# How do you find the altitude of the Sun if you are on the Moon?

The question is:

If you stand on the equator of the Moon, at midday your position occurs when the Moon is located at the line of the node. What is the altitude of the sun at that moment?

Information: This is when the Moon is located at the line of node (line of node is a line that occurs from crossing between the ecliptic plane and the Moon's orbital plane, which makes an angle of approximate 5 degrees). The equatorial plane of the Sun makes an angle of 1 degrees, 32 arc minutes and 40 arc seconds.

The solution is 88 degrees, 27 arc minutes and 20 arc seconds through 90 degrees.

But I don't understand why the answer isn't 1 degree, 32 arc minutes and 20 arc seconds, because the ecliptic plane where the sun is located is above the horizon or celestial equator. equal to its altitude.

• Think about what your proposed answer means for a bit. Does it make any sense? (The answer is no.) Your answer means that at local noon on the Moon's equator you'll see the Sun just 1.5 degrees above the horizon. On Uranus, maybe. On the Moon? No. The Sun is 1.5 degrees shy of vertical, not 1.5 degrees above the horizon. – David Hammen Jan 3 '15 at 21:29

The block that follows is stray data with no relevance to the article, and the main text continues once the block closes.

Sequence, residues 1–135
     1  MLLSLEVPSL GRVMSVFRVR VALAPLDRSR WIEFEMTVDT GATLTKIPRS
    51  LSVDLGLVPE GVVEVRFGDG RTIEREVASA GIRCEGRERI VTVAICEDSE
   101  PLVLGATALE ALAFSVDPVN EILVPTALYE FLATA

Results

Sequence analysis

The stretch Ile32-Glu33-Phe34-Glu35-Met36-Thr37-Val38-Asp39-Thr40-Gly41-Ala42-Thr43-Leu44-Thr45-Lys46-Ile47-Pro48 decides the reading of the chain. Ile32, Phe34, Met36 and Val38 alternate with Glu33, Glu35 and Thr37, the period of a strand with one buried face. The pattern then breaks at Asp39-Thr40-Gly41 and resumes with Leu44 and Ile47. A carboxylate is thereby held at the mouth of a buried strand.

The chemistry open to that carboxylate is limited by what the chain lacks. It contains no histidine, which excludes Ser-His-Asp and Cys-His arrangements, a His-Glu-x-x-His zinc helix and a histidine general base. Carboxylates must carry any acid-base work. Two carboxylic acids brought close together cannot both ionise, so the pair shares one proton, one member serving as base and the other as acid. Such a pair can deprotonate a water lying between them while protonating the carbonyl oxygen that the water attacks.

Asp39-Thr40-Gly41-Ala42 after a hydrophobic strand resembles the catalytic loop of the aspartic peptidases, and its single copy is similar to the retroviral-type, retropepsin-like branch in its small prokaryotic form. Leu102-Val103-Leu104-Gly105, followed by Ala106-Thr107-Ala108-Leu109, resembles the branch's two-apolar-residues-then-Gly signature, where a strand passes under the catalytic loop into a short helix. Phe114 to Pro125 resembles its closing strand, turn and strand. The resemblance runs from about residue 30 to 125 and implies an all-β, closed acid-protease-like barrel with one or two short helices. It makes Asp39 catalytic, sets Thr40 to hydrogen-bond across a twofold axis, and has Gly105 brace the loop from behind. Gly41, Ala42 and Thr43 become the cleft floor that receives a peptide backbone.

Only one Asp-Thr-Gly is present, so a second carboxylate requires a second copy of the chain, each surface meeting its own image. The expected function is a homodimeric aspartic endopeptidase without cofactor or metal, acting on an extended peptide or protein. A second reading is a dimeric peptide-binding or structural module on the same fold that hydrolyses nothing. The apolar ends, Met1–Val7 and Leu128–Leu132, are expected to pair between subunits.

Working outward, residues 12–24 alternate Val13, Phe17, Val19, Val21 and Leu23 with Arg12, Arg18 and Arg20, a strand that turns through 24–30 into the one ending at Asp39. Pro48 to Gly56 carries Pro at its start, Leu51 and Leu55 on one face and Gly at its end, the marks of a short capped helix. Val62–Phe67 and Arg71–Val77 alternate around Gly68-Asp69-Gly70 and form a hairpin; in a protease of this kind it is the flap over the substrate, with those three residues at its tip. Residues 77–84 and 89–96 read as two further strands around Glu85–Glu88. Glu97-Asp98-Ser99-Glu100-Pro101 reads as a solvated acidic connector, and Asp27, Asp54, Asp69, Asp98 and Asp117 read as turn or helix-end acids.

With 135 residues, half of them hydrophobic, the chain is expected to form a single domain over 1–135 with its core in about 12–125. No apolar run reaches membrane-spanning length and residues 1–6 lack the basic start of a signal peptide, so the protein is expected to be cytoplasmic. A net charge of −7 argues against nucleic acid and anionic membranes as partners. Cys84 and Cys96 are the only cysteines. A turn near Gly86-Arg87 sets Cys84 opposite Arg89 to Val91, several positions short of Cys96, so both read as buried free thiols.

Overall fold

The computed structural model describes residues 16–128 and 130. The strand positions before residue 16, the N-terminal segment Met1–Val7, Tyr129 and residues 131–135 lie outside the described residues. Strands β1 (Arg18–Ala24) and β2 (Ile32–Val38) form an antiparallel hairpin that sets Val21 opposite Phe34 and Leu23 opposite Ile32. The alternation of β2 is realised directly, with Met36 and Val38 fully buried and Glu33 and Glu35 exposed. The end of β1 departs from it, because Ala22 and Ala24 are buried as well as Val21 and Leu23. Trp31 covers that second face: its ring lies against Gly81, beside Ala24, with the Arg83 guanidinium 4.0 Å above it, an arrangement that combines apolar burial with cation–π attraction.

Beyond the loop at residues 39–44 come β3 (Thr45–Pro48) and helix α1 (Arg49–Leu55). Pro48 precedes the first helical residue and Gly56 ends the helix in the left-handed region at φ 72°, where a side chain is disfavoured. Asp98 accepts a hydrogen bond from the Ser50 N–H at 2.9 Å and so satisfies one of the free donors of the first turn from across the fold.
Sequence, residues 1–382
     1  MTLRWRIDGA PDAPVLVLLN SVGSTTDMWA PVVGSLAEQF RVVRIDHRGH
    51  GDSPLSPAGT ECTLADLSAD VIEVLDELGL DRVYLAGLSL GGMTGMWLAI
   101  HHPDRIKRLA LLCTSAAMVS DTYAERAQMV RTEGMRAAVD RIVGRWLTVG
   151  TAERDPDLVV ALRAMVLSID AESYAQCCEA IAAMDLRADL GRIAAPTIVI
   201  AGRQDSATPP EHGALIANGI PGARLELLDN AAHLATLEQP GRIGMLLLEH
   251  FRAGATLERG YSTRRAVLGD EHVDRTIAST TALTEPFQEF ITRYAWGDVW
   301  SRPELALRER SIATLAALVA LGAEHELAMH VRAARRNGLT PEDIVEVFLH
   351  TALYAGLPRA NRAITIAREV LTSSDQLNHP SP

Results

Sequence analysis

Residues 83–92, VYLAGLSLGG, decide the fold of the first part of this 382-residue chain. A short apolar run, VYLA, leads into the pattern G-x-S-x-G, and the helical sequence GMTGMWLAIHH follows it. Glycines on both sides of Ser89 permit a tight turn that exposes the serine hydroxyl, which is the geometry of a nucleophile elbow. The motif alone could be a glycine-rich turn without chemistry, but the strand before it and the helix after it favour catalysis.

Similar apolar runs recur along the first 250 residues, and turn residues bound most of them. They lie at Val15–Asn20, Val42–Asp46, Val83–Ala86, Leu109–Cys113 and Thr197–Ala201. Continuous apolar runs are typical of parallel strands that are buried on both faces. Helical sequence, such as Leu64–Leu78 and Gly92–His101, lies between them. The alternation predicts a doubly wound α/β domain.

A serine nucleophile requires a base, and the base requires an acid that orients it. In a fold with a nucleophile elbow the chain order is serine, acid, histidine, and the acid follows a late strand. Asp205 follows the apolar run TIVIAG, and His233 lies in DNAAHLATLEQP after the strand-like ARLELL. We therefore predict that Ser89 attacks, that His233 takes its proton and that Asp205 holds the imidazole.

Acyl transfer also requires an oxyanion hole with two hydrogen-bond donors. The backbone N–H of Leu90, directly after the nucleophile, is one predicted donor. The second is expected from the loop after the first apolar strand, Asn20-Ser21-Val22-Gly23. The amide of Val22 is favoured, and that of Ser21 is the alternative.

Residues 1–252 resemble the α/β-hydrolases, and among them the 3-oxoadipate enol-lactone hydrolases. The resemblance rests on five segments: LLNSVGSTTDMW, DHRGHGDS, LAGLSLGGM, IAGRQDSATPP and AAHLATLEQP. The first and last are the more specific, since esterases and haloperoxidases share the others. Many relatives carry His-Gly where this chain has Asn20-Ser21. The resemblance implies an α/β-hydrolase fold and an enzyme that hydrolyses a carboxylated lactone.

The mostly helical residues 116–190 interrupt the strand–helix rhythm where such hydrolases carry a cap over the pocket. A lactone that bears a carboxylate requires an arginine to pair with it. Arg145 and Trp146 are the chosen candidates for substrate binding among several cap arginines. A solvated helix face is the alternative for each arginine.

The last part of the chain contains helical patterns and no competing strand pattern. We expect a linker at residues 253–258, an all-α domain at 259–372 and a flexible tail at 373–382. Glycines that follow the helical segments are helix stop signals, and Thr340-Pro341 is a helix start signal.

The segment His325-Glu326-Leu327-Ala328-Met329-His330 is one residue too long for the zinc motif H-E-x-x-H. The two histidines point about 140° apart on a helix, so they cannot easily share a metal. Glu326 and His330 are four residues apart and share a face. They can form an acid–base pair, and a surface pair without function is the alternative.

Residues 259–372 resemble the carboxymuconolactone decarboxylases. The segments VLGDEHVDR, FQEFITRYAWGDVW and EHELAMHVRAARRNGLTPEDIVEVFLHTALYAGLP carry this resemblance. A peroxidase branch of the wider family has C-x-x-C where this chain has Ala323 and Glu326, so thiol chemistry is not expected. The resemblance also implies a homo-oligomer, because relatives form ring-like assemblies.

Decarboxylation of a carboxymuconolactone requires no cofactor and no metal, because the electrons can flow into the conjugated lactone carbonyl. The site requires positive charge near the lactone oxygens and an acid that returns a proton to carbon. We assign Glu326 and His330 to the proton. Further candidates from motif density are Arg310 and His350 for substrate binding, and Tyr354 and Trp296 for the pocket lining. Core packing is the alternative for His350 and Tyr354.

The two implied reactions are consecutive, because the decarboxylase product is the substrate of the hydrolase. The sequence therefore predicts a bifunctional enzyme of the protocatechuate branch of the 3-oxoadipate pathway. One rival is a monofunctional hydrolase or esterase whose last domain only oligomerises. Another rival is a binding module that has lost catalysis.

• Your comment was very helpful. I understand why the altitude should be 88.5 now,but why the solution is 88.5 through 90 degrees? Isn't it should be one altitude, not in a range? – user9686 Jan 8 '15 at 3:24
• Does the line of note relate to the result in range? – user9686 Jan 11 '15 at 5:47

@DavidHammen is essentially correct. According to stellarium, the Sun gets as high as 89 58' 48":

• Your answer was very helpful,I understand why it should be around 88.5 now,but I confuse that why the solution is in range from 88.5 through 90 degrees? Does the line of node relate? – user9686 Jan 11 '15 at 5:46